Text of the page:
If you’re reading this in your RSS feed you have NO IDEA! It’s a new era, WordPress replacing clunky old MT, and that is Bellboy’s perfect flank in the banner in case you were wondering. And we’re all cloud-hosted and it is POSH. The end.
Archive for April, 2009
Julia protested the human condition at 3am and so came into bed with us, where she promptly peed. Potty training is going well, one just has to allow for these setbacks. I didn’t really sleep again until about five, when I found myself being chased by a sweaty cowboy around the old Sydney Showground, trying to get to a riding lesson on time; and then there was a series of flashes and pops above the San Bruno Mountains, and first one mushroom cloud and then another and another rose against the dark cloudy sky. “Oh shit,” I said eloquently, for the terrorists had finally obtained nukes, and I wished fervently that it could be just another atomic war dream.
And then I woke up. So however swinish and spectral today might be, at least it isn’t that.
Our number came up at Good Prospect Community Garden! Right now the plot is a mess of artichoke, sage and lemon verbena, but we’re going to cut it all back and plant cherry toms and summer squash! There are lemons and limes and apples and pears and concord grapes and raspberries and it is SO VERY BEAUTIFUL that words cannot adequately describe.
And today I rode Fluffy the Seagull the Horse the Bicycle part of the way to work. Check me out! I am all San Franciscan and sustainable and stuff!
In my last riding lesson on Cassie, Mare of Mares, I was mistakenly put in with a group of shiny teenysomethings who are rillyrilly good. It ended with us having to do flying changes at the canter, without stirrups. It was rillyrilly hard!
Afterwards one of the sparkly young X-Men said to me: “You looked good on her.”
It is embarrassing how pleased I still am, over a week later, at this crumb of praise.
My goodness but I made myself ill last week. I got on a plane on Wednesday sort-of-knowing that I was coming down with something nasty, and when I got to my destination I could neither swallow nor hear. My ears popped about twelve hours later, at which point EVERYTHING BECAME VERY LOUD; then I got on another plane to come home and the same thing happened again.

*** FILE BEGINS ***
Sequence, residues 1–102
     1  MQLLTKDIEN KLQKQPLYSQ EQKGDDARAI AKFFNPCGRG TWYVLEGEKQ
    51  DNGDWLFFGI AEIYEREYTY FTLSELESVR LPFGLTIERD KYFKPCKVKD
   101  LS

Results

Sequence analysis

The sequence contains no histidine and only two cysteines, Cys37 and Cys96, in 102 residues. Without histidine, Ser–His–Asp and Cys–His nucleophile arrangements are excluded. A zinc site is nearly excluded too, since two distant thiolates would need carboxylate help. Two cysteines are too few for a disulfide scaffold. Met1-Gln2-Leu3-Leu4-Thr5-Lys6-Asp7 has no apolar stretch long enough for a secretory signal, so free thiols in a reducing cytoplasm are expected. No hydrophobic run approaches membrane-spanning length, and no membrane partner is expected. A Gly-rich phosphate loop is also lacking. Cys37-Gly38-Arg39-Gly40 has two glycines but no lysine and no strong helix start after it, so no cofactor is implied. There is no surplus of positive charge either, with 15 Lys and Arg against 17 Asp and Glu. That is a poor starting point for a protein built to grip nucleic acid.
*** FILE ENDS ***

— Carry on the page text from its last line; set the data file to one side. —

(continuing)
But my throat stayed raw and horrible for days and days. Talking hurt, breathing hurt and swallowing my own saliva felt like choking down a small roll of rusty barbwire. Every. Damn. Time. I do not think I am particularly wimpy, despite my brothers’ longstanding characterization of me as such; I have had broken ankle bones and ribs and gotten back on the fool horses that gave them to me, and I gave birth to my two babies without any epidurals. Beat that, boyos! But I trudged up to the Emergency Room on Saturday and described my throat pain, unironically, as “severe.” The doctors were very nice but it was viral, which I sort of knew. Nothing to be done. I went home and went to bed.
By Saturday night I was having fever dreams of striking originality. There was a sort of architectural quality to them. It was rather like watching a freight train pass, with its cars made of large pale pastel blocks of light. I tried to harness these dreams and was given various insights, among which was the in-retrospect-blindingly-obvious fact that working myself into exhaustion and subsequent viral pharyngitis is self-defeating behaviour on a number of levels. I set to changing my priorities, which felt like a physical process of lifting giant perspex concentric circles and clicking them back into place in a different order. When I got it right it was deeply satisfying, like solving a puzzle, and I finally went to sleep.
I was somewhat better the next morning and have been feeling profoundly happy ever since. Still sick enough to cancel riding, but well enough to take great pleasure in seeing friends and going to a little movie and hanging with my best girls. Tonight I threw Claire and Jules in the bath, and made dinner for them with strawberries for dessert, and walked Claire through piano practice while Julia sang along, and brushed their teeth and read them the Dragons pop-up book and put them to bed. A perfectly ordinary evening shot through with pure golden joy.
[09:35] FurHordinge: As we were going down castro, so I said that milk was nicknamed the mayor of castro st
[09:35] FurHordinge: “Does evey street have a mayor?”
[09:35] mizchalmers: awww
[09:35] FurHordinge: No, but milk helped organize the gay men and women politically
[09:36] FurHordinge: “Like martin luther king did for the black people?”